Living for the Weekend Cheese: Tymsboro

Living for the Weekend Cheese

tyms1Cheese, like people, comes in many different shapes. However, unlike cheese, society seems to be fixated on a particular ideal shape, whereas cheesemakers employ numerous shapes in their craft and not all that are ideal. When cheese eaters consume too much cheese, they tend to also share a particular same shape, which is perhaps not society’s ideal. But it is the cheese eater’s ideal to be eating cheese, and as cheesemakers aren’t fussy about shape, then it’s best to consume both product and associated ideology, relax, and loosen your belt.

This message was paid for by Type 2 Diabetes.

I’ve written about Tymsboro before, but as anyone who has eaten Tymsboro will tell you, you can’t have too much of a good thing. In these pictures is the creamy fresh version rather than the aged, way goatier Portrait of Dorian Grey variety that you can also pick up. The pictured is like goat’s cheese ice cream, cool and clean – a lemony, almondy siren song to the tastebuds.IMG_4509tymsTiny-2

Tymsboro is named for Timsbury, a village not far from Bath, where it and other cheeses are made on Sleight Farm by the just and wise Mary Holbrook. Holbrook was one of the lynchpins of the UK’s 70s artisan cheese recovery. Ditching her gig as an archaeologist, she toured Europe unearthing mad cheese skillz instead ( the farmhouse ways had been lost in much of Blighty at this time).

Tymsboro’s shape reflects Holbrook’s travels. In Valençay, central France, the Frenchies have been churning out truncated pyramidal cheeses till the goats come/came home. Indeed, according to this Neal’s Yard Dairy write up, Holbrook scored the recipe that forms the basis of Tymsboro from a ‘cheesemaker’s bible’ while at a “goat conference in Tours”.

There doesn’t seem to be a practical reason for the shape of these cheeses, however, there’s a story concerning Napoleon of which various versions are told. Conflating two sources, apparently the diplomat Talleyrand had a pyramidal goat’s cheese made for Napoleon during his Egypt campaign. After the campaign went south, either Talleyrand flattened the top himself so as not to bum out Napoleon on his Valençay visits or Napoleon did it himself with his sword (got to be pretty hammered to attack the cheese course, but we’ve all been there).

Next week: Bath & West fun and games…

Living for the Weekend Cheese: Ticklemore Goat

Living for the Weekend Cheese, Seasonal Cheeses

It’s May Day, Walpurgisnacht, or annual official opportunity for students to get half cut and wacky around bridges. However, there is good reason for celebration besides the slightly creepy fertility stuff that the ancients Britons left lying around  (I’m looking at you, Padstow). Apparently, we can expect the average temperature to rise by a whole three degrees on paltry April. Even better, the translation of the Old English name for May is the ‘Month of Three Milkings’… cheese production also on the up and up?

What a month.

May Day also marks the final post in this Fromology springtime procession of goat’s cheese (four cheeses a procession doth make, apparently). Today, let’s return to Ticklemore Goat.

IMG_3552

Despite sounding like a misdemeanor, this is a very approachable, easy-eating cheese. Developed by artisan cheese hero Robin Congden of Ticklemore Cheeses in Devon, Congden offloaded Ticklemore Goat to his pals and current producers Debbie Mumford and Mark Sharman at nearby Sharpham Creamery (the skinny, apparently, was that Congdon was getting into the blues, the hard stuff, and didn’t have a fancy for no mo’ of that vanilla Ticklemore Goat manufacture.)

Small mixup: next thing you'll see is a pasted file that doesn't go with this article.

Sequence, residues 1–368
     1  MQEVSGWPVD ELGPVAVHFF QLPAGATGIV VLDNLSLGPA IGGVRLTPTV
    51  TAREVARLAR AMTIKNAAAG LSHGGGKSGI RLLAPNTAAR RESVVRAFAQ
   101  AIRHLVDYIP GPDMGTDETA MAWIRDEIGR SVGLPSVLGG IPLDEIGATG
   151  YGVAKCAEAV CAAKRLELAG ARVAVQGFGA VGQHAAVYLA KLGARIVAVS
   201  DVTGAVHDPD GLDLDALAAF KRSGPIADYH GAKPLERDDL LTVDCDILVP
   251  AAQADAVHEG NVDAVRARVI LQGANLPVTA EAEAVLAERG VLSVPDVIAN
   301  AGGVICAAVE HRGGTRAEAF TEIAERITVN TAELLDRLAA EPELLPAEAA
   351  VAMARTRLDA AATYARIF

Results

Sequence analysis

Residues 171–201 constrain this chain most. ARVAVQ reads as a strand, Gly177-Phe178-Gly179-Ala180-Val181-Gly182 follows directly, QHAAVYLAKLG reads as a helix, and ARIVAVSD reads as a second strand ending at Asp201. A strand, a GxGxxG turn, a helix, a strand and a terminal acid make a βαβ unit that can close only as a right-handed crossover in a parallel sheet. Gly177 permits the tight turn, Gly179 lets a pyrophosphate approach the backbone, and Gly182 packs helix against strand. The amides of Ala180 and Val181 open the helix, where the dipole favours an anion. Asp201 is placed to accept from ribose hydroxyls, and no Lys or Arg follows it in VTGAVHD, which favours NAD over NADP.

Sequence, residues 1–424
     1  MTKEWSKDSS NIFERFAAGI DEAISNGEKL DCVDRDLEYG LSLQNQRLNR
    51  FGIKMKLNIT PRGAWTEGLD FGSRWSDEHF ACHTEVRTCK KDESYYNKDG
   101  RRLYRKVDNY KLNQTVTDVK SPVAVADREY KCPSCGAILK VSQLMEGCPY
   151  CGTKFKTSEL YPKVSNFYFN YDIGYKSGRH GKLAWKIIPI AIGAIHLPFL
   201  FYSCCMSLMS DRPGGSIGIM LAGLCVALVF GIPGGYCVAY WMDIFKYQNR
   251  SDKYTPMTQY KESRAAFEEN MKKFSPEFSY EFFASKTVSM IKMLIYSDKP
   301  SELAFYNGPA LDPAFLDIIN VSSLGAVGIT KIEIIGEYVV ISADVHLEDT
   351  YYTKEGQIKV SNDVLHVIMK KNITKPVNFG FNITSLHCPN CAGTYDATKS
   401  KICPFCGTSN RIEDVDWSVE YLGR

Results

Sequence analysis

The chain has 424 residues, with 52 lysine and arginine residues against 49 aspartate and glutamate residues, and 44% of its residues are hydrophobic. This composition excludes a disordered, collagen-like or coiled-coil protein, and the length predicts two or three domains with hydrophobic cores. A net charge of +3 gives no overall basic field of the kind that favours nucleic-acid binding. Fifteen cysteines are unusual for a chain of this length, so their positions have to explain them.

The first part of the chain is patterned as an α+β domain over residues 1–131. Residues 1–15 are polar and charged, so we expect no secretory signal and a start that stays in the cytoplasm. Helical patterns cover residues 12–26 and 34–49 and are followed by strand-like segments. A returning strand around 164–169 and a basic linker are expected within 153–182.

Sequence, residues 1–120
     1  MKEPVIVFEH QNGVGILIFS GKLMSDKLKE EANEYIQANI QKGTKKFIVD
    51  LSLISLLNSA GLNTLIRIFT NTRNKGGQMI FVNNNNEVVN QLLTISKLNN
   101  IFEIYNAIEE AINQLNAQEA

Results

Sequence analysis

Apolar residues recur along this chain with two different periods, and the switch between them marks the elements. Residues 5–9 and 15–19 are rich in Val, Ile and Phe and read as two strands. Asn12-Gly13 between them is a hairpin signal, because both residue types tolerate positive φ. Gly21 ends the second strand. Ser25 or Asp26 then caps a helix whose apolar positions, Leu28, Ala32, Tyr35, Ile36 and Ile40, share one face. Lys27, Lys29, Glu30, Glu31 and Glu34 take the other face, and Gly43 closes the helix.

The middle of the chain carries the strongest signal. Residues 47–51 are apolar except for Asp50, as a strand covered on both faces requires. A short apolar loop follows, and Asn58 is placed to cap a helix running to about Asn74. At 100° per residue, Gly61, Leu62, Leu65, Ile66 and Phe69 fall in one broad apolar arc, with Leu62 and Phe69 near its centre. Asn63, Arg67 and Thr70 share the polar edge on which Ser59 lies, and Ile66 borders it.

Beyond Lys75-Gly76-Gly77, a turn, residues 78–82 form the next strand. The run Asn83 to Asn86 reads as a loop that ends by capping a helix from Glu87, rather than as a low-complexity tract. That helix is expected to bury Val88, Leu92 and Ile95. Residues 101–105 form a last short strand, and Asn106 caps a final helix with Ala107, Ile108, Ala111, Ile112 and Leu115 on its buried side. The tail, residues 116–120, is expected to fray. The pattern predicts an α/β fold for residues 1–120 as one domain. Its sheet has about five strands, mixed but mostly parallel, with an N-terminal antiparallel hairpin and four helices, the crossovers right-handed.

Fortunately, the Sharpham team took up the slack, and Ticklemore Goat remains on the shelves of our most sagacious cheese IMG_3551purveyors (including Paxton and Whitfield, Neal’s Yard Dairy, and Bath Fine Cheese Co. where I picked up this wedge). For me, it’s classic goat: light and refreshing. That makes it sound like I splash it on after a run, but, of course, I mean splashed on the palette. Gentle floral and herbaceous flavours – if this wasn’t pasteurised, it’d be a significant life event. Comes away in slightly moist, feathery slices. No crackers required. As it stands: simply a delicious cheese. A sliver between courses would make for a classy palette cleanser. Better than that sorbet crap.

Listen up, restaurateurs!

Next week: something other than goat’s cheese…

Living for the Weekend Cheese: Cerney

Living for the Weekend Cheese, Seasonal Cheeses

Lake Como, LombardyApologies for the overlong gap between this and the last post. I’ve been cheating on GB cheese with the many (obviously inferior) delights of Lombardy for a week, especially toothsome Taleggio, transfixing Gorgonzola, and a bewitching Bergamo (exact name to be discovered). There’s some handsome country to gaze upon while eating your cheese, such as Lake Como as pictured here with Bellagio in the foreground.

But enough lake-gazing – it’s back to Blighty: aggressive nesting gulls, chill April winds that curdle the hopeless soul… and the fresh taste of our springtime cheese crop! This week, we’re focusing on the much ballyhooed Cerney (or Cerney Pyramid, according to its passport).

Made in Gloucestershire, the pyramid shape suggests Valençay influence. Developed by the canny Lady Angus of CerneyCerney, it looks very dashing in its ash and sea salt coat, and a first glance might suggest a lighter goat’s cheese. But as soon as you get tactile, you find it’s moist, and it begins sticking to your fingers and slate as soon as you’ve unwrapped it from its award besmirched plastic wrap.

At first, I didn’t get it. I’d heard about this cheese for a while, and here it was being creamy, yes, smooth, yes, but… what else? Let it be known that there was a slab of Ticklemore on the table as well, with all of its immediate goaty flavour. With the Cerney, the fresh taste was delicate, elusive, almost overwhelmed by all of that sticky full fat texture.

But as the evening progressed, the Cerney became first choice. It’s the texture that develops and subsequently beguiles. At first Cerney seems all “come and get me big boy”, but really it wants to engage you, coyly show you its diary, maybe read you some of its flowery sonnets and share its, uh, lemony notes. It’s all about the subtext, and once you’re hooked, you’re hooked. Lady Angus, you have my attention. Best on water biscuits with maybe a large glass of Sancerre. Hell, why not a pint?